Hugs as Long as Possible

Baby goat at FarmHouse Fresh Sanctuary

Hugs and Love No Matter What

The hardest part of working with injured animals is that sometimes hugs, love, and medicine are just not enough. This beautiful newborn goat stole our hearts. She was born to a family with a herd of goats, but quickly declined. She started losing her eyesight and eventually the use of her back legs. At just a few weeks old, her family reached out and we were absolutely thrilled to do everything we could to help.  If there was a chance to do daily physical therapy to get her to walk again, we didn't mind that she didn't have her eyesight - she could lead a very happy life at our Sanctuary.

We immediately drove her to our local vet team. Our doctor was worried for us. She knows we fight with all we've got, but bloodwork was indicating something was very amiss. She treated the baby for multiple symptoms -- swelling in the brain, infection, deficiencies -- and we set out on a 4 hour drive to Oklahoma State University where their team was waiting to do a deeper evaluation. 

Baby Goat at FarmHouse Fresh Animal Sanctuary


Baby Goat at OSU

We Wish We Lived Near This Vet Team

The drives we take to OSU are gut-wrenching. We're typically at the end of our rope, and running out of time. The first time we took our sheep, Hazel, I left in such a hurry that I didn't bring a phone charger, toothpaste, clothes -- nothing.  And spent 4 days in a hotel room driving between the hospital, hotel and Braums. 

This time was even more stressful. Our goat started having painful seizures on the drive. She was in the passenger seat, and each seizure got closer and closer to the next. The last 20 minutes were absolutely heartbreaking.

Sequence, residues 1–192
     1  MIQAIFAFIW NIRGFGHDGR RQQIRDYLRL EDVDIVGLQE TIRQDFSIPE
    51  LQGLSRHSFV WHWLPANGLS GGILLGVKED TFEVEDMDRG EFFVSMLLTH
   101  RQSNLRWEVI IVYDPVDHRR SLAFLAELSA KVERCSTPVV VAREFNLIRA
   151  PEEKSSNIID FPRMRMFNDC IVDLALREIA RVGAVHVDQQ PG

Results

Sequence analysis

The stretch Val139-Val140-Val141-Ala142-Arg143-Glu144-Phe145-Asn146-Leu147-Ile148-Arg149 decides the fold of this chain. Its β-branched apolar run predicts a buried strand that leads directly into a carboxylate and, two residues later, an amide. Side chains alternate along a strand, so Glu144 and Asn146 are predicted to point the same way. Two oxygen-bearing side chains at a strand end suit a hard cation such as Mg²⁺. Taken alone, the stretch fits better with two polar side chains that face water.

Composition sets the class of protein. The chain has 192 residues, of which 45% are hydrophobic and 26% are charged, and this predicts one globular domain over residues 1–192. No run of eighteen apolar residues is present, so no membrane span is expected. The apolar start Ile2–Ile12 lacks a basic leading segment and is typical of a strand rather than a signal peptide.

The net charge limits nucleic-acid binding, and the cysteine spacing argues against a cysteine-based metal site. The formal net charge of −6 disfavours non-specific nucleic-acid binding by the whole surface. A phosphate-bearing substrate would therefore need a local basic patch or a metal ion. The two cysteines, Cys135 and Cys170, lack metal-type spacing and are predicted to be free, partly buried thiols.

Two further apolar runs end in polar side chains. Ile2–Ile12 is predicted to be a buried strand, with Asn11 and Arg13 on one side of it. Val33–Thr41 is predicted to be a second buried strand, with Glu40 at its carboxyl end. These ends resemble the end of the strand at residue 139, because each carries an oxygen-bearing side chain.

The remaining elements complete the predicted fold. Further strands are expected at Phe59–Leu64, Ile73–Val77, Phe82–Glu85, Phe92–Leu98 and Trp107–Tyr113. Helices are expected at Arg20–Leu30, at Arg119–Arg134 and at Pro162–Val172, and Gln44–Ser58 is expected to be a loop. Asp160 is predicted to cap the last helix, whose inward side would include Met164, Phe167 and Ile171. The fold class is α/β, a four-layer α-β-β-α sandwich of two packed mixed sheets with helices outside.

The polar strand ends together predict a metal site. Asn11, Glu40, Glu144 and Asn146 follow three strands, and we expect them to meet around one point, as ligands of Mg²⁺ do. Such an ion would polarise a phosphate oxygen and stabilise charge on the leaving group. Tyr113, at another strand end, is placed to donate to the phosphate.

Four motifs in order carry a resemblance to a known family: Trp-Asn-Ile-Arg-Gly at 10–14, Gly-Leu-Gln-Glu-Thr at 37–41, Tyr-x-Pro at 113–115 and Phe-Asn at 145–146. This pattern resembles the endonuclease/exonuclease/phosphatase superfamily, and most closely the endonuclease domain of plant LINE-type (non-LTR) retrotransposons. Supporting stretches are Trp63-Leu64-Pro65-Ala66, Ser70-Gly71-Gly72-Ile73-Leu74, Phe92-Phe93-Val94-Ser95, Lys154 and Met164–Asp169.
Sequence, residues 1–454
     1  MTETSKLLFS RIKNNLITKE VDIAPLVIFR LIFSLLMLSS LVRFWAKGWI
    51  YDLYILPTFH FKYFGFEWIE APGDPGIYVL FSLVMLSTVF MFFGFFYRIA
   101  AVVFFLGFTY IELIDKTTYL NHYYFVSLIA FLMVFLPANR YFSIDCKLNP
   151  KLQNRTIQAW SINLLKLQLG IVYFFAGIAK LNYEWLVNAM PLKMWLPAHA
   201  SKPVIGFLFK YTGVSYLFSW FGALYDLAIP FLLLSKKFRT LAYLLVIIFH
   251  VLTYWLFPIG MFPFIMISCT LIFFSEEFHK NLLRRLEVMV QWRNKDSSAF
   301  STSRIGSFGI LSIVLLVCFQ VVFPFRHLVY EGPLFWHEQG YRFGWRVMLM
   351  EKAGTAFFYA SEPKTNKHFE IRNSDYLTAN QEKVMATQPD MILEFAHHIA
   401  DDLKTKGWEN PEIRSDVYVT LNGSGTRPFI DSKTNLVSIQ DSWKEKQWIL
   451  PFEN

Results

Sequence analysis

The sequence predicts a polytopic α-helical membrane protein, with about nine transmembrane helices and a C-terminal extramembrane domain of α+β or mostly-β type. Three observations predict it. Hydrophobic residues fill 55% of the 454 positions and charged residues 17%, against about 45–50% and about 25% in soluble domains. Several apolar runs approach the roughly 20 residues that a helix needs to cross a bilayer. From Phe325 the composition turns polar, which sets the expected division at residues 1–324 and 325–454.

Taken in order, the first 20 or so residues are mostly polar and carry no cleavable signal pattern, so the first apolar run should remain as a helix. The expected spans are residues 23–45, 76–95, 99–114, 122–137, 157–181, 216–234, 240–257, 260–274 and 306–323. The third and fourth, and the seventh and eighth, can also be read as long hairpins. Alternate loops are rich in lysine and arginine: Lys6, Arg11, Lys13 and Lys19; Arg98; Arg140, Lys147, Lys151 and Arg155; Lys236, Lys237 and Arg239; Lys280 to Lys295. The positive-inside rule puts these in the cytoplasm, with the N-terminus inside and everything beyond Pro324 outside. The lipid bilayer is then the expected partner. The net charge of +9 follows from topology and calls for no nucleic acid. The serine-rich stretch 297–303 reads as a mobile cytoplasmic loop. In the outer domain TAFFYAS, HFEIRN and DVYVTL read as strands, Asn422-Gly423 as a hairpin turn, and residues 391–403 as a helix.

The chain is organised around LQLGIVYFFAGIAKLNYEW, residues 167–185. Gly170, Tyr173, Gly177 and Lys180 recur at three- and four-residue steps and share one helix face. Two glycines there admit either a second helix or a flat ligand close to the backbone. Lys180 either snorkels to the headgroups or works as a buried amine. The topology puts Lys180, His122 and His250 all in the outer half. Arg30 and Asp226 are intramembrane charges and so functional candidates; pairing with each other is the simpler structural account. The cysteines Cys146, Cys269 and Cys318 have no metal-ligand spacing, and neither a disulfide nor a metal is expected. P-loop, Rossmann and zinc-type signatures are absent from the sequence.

The OSU team performed a spinal tap, to see if there was an infection that could be cured.  We received the sad news the following morning. This little one had contracted a rare listeria infection back at the family's farm. It's not contagious -- as the doctor called it "just plain bad luck."  Even if the blindness and muscle loss had been caught in the first 24 hours at the farm she would have had a 30% chance of survival. Today, her seizures had almost overtaken her existence. She was blind, could not use her back legs, and was suffering. We all knew we had to help her pass peacefully.

She was showered in hugs and love for the 2 days we had her. She slept in a bed, was bottle fed and snuggled to sleep. We would do it all again because we all deserve this care in our final days. All of us. 

Baby Goat with our FarmHouse Fresh Team Member